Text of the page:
Adam Gopnik has a very entertaining and thoughtful article in last week’s New Yorker summarizing the detection efforts of two teams of antiquarians: one that believes it has a reference book that once belonged to Shakespeare, and another that has a portrait of the Bard. Gopnik summarizes the arguments for and against authenticity in the case of each artifact, but then moves into a discussion of why we care so much. Why do we value things whose power derives solely from their association with a writer we love and admire? It makes not a whit of difference to the heft or meaning of Shakespeare’s writing, what he looks like or whether we can hold a reference book that he once held. “…our fascination with lives and faces alongside verses and pages can’t be cured,” he says.
It was a good topic for me this week, as I toured around presenting my book, and asking myself, as I often do (and as I asked Joyce Carol Oates, last week, when the tables were turned): Writers give our best, deepest and most essential selves to our readers in our books. What more is there to be gained from live appearances?
I’m not the first to wonder. The day after my Montreal launch, my sister sent me a Tim Parks article on the same question, from the New York Review of Books, which starts with a bunch of writers complaining about how much they would love their live appearances if it weren’t for all the “stupid audience questions” — questions about the life, not the work.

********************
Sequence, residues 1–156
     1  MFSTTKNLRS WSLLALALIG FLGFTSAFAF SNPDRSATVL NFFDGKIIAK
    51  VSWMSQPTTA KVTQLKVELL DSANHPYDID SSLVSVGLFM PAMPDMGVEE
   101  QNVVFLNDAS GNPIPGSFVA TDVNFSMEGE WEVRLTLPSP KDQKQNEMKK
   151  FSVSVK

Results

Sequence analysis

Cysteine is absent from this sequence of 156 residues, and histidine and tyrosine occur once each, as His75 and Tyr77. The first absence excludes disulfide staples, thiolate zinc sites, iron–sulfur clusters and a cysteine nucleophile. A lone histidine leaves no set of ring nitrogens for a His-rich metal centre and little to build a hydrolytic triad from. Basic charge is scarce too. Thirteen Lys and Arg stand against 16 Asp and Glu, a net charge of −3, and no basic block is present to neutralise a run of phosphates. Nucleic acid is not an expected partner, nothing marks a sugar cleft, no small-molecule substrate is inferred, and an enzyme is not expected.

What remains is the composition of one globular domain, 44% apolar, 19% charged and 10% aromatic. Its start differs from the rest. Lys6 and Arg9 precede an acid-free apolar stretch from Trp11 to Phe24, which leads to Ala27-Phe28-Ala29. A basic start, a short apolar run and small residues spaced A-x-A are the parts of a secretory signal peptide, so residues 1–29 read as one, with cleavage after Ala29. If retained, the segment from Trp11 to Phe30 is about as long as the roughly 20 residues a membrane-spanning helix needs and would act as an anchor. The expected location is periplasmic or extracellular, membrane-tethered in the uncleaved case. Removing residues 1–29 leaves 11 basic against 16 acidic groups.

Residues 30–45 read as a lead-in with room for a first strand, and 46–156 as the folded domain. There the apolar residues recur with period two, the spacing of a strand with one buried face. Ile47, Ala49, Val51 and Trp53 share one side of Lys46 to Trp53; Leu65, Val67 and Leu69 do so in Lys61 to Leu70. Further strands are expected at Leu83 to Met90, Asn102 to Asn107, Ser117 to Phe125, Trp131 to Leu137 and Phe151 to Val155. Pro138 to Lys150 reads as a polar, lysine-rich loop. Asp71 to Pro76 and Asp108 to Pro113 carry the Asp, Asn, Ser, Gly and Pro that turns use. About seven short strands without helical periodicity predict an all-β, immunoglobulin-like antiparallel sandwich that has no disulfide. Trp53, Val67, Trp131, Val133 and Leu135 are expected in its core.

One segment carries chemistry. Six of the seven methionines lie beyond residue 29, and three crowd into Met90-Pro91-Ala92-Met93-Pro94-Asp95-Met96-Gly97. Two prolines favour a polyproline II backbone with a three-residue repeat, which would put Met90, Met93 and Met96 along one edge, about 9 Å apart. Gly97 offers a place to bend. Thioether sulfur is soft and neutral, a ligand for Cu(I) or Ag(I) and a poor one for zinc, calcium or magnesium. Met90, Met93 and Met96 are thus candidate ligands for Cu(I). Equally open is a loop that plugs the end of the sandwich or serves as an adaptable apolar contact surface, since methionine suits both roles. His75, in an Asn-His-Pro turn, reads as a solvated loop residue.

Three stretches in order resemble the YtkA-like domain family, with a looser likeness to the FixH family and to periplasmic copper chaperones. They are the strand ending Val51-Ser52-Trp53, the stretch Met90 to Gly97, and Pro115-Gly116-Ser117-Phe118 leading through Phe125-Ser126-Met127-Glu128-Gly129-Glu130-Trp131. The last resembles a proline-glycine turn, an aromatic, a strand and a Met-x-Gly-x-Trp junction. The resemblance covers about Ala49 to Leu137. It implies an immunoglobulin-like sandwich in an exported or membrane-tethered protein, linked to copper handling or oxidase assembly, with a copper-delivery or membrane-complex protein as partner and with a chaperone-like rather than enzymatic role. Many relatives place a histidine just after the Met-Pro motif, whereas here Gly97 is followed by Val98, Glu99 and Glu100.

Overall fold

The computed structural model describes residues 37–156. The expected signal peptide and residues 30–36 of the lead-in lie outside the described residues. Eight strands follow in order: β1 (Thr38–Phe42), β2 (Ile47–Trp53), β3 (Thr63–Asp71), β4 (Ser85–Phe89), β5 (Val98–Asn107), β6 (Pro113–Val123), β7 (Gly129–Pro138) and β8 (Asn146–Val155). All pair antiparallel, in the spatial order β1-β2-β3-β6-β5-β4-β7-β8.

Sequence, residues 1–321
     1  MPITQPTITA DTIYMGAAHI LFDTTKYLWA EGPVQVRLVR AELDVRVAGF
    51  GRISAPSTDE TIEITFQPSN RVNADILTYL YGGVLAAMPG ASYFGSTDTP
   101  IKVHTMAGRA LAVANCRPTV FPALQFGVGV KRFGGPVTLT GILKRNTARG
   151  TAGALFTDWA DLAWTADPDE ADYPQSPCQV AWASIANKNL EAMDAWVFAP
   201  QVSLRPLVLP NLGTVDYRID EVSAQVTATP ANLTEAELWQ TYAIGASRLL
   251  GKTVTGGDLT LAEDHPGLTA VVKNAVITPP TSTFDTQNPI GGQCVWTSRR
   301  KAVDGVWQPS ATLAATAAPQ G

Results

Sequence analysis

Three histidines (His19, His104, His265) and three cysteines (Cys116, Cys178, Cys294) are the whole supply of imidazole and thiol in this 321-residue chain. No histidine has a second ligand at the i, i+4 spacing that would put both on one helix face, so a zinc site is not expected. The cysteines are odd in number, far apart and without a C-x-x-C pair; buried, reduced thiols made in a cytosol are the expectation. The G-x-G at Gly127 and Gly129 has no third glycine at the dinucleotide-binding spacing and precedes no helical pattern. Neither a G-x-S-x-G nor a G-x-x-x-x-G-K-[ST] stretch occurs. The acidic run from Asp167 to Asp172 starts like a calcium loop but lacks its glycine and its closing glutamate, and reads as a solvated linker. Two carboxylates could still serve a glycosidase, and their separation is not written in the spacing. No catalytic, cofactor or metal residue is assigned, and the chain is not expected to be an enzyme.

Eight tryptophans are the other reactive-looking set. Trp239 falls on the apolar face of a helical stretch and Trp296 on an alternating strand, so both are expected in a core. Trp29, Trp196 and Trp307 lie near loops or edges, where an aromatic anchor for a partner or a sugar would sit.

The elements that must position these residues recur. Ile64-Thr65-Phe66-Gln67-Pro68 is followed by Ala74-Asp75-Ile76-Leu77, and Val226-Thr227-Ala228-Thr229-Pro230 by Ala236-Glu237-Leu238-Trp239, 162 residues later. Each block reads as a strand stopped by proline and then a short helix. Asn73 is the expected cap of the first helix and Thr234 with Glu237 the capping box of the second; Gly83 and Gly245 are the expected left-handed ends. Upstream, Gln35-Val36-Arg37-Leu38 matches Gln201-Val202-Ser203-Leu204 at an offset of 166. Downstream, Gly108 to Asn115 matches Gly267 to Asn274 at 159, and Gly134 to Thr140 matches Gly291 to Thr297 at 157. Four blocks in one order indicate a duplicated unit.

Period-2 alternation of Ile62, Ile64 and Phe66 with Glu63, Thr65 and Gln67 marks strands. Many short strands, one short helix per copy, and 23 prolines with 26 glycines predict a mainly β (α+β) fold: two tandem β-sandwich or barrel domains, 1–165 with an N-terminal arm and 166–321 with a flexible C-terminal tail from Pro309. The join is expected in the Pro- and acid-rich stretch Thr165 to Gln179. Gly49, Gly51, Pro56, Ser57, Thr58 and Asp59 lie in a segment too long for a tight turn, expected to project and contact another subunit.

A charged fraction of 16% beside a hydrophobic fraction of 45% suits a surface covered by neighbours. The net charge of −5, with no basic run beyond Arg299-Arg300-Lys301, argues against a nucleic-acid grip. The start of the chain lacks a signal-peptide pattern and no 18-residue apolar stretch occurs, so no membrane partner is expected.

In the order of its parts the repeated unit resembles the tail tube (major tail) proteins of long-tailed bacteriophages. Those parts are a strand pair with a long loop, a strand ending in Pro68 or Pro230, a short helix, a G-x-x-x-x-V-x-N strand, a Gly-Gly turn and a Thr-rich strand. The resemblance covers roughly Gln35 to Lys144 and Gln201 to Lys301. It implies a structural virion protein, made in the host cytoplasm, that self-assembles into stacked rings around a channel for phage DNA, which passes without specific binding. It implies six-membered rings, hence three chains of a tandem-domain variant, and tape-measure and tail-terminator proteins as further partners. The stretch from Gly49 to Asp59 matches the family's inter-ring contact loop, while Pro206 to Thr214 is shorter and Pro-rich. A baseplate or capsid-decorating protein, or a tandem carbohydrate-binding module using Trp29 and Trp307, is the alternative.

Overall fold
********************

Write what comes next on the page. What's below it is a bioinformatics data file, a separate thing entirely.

Parks’s own feelings are more generous: “They want to understand why books make such a deep impression on them… Something has come across to them that is not to be isolated in anything said on the page. There is a mystery they would like to understand and that mystery is you. Or they construe it as you. They feel if they knew more about you, about writers in general, it might put their minds to rest as to the experience of reading. Perhaps.”
Either I don’t get stupid questions or do not consider most questions stupid. There is, inevitably, a lot of repetition from one event to another, and some questions that have nothing to do with the writing. Audiences at book events are composed of people who love books but might not know the books of the person in front of them. And, since my most recent novel concerns a very sensitive topic that many people feel they have not had much chance to talk about, I’m more than unusually willing to engage questions on the topic instead of on the book.
But I’m curious to know from readers: why do you attend book events? What is the best thing you have learned about a writer from seeing a live event, that you could not have gotten just from reading his or her books?